- Follow up. Studies have shown that following up can reduce suicide-related deaths in high-risk populations. Once you've had an initial conversation with the vulnerable person and helped them establish a support network, make sure to check in. This can be done with a quick phone call, text message, or even a card. Ask if there is anything else you can do to help them get through this difficult time. The simple act of reaching out and showing you care can truly mean the difference between life and death.
How the new 988 suicide prevention hotline can help
A universal dialing code launched in July 2022 is broadening access to lifesaving suicide prevention and crisis services. Dialing 988 connects people in crisis (or concerned friends, family, and caregivers) directly to the Suicide & Crisis Lifeline, where counselors provide free, unbiased, and confidential support 24 hours a day, 7 days a week.
If you are willing to turn to someone in your moment of crisis, 988 will be there," said Xavier Becerra, the secretary of the U.S. Department of Health and Human Services, at a July 2022 press briefing. "988 won't be a busy signal, and 988 won't put you on hold. You will get help."
Older adults who call or send a text message to 988 will speak to a trained counselor from the existing Suicide Prevention Lifeline network. Located in 200 crisis centers all over the country, these counselors are experienced in responding to people in emotional distress, including those with suicidal intent. Dialing 988 is just like dialing 911 for emergency response or 411 for information services. There’s no need to dial any other digits besides those three.
1. Michael W. Smith. What to Know About Suicide in Older Adults. WebMD. March 21, 2021. Found on the internet at https://www.webmd.com/healthy-aging/features/suicide-rates-older-adults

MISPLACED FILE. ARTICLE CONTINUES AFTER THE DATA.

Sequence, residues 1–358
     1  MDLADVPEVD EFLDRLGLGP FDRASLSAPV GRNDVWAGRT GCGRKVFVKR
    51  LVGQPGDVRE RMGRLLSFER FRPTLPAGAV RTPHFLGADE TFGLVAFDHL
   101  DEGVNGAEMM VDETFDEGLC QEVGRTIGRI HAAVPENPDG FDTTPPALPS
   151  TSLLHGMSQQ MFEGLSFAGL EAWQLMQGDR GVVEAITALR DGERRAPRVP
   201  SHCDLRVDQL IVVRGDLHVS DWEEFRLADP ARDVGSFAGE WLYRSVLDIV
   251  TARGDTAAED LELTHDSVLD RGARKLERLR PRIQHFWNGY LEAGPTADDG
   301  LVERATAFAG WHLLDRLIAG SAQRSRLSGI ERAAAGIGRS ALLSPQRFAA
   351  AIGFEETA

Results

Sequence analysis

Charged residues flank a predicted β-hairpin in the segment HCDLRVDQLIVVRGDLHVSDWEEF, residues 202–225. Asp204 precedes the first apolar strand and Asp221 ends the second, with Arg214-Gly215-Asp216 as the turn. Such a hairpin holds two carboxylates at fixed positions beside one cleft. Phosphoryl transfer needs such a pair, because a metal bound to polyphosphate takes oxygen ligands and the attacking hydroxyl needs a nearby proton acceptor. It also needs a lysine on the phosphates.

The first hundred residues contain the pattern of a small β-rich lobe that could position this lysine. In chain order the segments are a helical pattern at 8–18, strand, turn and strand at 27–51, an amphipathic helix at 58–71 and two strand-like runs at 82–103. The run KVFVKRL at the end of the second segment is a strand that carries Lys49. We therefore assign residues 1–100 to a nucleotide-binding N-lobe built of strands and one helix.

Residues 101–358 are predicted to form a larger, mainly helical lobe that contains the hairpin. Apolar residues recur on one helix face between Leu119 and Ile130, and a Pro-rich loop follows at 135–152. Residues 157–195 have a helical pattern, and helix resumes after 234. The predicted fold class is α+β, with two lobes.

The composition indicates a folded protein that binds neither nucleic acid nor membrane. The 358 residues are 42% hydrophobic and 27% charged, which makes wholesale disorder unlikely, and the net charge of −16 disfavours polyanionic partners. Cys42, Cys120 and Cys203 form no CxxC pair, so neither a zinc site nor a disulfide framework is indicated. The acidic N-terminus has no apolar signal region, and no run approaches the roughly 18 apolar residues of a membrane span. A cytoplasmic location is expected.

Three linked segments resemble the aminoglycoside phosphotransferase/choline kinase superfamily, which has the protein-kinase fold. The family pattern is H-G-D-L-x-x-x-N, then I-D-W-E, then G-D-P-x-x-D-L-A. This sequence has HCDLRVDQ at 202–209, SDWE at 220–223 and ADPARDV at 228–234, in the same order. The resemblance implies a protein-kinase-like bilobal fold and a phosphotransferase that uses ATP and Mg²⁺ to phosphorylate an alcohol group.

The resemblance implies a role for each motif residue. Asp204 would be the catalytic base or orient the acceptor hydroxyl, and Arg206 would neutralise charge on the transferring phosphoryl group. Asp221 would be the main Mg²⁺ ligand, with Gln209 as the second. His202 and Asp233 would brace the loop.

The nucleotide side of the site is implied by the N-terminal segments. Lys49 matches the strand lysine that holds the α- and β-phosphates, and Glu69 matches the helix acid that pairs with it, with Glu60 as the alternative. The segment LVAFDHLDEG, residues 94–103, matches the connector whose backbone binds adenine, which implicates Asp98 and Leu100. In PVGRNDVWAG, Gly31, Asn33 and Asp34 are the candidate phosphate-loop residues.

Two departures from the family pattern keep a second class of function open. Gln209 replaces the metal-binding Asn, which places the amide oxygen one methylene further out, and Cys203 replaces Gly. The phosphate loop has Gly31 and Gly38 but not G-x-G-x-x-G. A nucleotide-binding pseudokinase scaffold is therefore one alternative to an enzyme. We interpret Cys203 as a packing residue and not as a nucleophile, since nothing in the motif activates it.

2. Centers for Disease Control and Prevention. WISQARS.TM Fatal Injury Reports, National, Regional, State. Found on the internet at https://wisqars.cdc.gov/fatal-reports
3. Conwell Y, Van Orden K, Caine ED. Suicide in older adults. Psychiatr Clin North Am. 2011 Jun;34(2):451-68, ix. doi: 10.1016/j.psc.2011.02.002. PMID: 21536168; PMCID: PMC3107573. Found on the internet at https://www.ncbi.nlm.nih.gov/pmc/articles/PMC3107573/
4. National Public Radio. Isolated and Struggling, Many Seniors are Turning to Suicide. July 27, 1019. Found on the internet at https://www.npr.org/2019/07/27/745017374/isolated-and-struggling-many-seniors-are-turning-to-suicide
5. Günak MM, Barnes DE, Yaffe K, Li Y, Byers AL. Risk of Suicide Attempt in Patients With Recent Diagnosis of Mild Cognitive Impairment or Dementia. JAMA Psychiatry. 2021;78(6):659–666. doi:10.1001/jamapsychiatry.2021.0150. Found on the internet at https://jamanetwork.com/journals/jamapsychiatry/article-abstract/2777657
6. HHS.gov. Does depression increase the risk for suicide? Found on the internet at https://www.hhs.gov/answers/mental-health-and-substance-abuse/does-depression-increase-risk-of-suicide/index.html